I’ve just gotten back from Paris, where I gathered with my huge brood of siblings to celebrate a sister’s big birthday. For the most part we didn’t go too crazy with our dining choices, gathering at brasseries, wine bars and easygoing restaurants.
One place we tried, on the recommendation of Clotilde Dusoulier, who writes the Chocolate and Zucchini blog, was a really fun spot called J’Go. The name is a bit of a play on words, as it sounds like “gigot,” or leg of lamb in French. It specializes in cuisine from Toulouse and the Southwestern region of Gascony. You sit at long wooden tables, drink great Gascon wines and — if you’re in a large group — order from a menu that sets you to large joints of spit-roasted pork and lamb. There are also whole ducks and chickens, as well as Southwestern specialties like cassoulet.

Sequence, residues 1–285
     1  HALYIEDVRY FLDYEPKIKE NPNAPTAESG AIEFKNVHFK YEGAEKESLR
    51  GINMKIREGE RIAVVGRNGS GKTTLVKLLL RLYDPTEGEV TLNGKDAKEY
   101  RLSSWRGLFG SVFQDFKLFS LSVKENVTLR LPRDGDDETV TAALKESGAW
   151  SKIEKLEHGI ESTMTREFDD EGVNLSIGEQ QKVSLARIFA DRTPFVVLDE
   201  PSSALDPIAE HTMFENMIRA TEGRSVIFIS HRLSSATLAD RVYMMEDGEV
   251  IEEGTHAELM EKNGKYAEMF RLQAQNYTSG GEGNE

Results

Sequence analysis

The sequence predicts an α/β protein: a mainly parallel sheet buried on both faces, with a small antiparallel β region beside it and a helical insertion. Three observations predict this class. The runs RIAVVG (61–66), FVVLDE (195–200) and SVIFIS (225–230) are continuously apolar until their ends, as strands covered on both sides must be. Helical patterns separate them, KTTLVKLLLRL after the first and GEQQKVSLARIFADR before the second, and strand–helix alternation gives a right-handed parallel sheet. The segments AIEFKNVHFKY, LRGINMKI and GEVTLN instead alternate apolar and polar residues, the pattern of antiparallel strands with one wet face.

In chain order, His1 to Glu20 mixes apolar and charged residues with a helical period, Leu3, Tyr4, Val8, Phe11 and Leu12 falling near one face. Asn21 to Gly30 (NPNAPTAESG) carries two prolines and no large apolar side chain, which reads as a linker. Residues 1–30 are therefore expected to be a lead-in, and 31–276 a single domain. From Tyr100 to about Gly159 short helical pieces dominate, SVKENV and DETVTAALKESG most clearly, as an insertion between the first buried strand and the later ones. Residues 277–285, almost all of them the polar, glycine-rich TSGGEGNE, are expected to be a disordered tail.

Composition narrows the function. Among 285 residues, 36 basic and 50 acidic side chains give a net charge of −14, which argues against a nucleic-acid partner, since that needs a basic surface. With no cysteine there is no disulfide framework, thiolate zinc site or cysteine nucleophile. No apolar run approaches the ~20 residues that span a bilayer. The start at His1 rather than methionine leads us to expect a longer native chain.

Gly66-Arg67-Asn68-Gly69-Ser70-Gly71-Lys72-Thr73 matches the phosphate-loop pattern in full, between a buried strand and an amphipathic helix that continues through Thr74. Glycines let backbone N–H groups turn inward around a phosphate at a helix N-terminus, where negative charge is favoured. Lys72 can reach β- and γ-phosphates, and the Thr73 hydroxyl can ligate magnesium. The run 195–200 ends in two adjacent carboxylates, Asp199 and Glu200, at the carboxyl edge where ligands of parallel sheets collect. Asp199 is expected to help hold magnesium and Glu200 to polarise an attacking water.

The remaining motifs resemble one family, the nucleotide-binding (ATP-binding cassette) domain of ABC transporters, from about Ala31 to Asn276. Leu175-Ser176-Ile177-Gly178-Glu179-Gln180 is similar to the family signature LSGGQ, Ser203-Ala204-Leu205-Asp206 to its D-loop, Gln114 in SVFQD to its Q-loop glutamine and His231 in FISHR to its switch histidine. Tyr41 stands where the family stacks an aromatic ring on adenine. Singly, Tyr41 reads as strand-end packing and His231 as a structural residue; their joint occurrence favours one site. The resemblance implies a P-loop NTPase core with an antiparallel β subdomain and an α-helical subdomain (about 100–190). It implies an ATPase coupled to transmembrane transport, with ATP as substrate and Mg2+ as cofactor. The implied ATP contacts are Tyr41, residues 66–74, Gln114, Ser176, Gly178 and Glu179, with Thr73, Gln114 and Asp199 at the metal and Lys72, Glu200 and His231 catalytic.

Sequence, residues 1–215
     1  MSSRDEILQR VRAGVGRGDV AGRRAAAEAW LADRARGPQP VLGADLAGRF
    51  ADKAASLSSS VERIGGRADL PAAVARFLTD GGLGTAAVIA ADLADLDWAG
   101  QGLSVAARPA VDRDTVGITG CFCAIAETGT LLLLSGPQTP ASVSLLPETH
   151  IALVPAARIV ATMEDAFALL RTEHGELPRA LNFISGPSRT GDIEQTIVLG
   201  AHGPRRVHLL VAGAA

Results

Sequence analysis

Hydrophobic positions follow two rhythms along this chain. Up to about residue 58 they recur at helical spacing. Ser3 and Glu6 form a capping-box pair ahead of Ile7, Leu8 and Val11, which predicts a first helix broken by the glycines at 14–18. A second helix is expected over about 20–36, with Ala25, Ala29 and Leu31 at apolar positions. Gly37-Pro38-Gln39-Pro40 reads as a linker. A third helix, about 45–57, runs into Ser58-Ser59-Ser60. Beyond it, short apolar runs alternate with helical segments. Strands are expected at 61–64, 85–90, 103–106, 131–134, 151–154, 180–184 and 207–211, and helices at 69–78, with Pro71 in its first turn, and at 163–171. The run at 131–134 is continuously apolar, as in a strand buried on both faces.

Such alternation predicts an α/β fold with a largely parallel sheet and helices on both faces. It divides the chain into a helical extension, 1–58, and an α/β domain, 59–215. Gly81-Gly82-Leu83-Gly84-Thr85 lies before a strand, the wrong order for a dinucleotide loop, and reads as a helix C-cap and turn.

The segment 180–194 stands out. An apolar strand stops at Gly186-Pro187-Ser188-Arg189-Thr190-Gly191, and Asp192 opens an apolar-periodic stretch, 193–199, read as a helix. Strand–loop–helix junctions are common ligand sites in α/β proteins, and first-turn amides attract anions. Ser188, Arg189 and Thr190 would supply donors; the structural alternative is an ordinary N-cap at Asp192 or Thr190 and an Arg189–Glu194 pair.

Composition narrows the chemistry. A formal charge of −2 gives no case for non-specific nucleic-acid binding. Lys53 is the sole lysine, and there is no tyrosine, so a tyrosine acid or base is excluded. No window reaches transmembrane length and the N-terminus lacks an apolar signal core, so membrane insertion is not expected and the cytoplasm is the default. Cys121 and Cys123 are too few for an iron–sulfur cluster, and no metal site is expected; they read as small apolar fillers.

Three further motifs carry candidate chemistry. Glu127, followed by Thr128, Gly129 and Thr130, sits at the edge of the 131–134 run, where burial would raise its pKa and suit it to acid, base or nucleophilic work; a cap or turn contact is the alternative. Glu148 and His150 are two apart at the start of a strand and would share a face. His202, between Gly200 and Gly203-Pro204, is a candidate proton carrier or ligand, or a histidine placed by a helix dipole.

As it is hard for groups of more than one Kessler to agree on anything, I couldn’t get much traction going for a whole leg of lamb or lamb saddle to feed the table. But three of us did agree to go sharesies, and got this braised seven-hour lamb shoulder with fennel and cauliflower. It had a simple, likable flavor and invited much spooning of sauce and picking of bones. The serious heap of mashed potatoes served alongside kept encouraging us to spoon up just a bit more sauce and veg. I really, really want to go back and try something roasted here. (Here’s American in Paris David Lebovitz on J’Go.)
I wonder if a restaurant like this could ever work in the United States. I think American diners like to have more choice and more customization on the plate to go for a free-for-all. I remember Billy Allin served a lamb saddle for four at Cakes & Ale for a while, but it didn’t last long.
Would you go for a hunka-hunk of meat?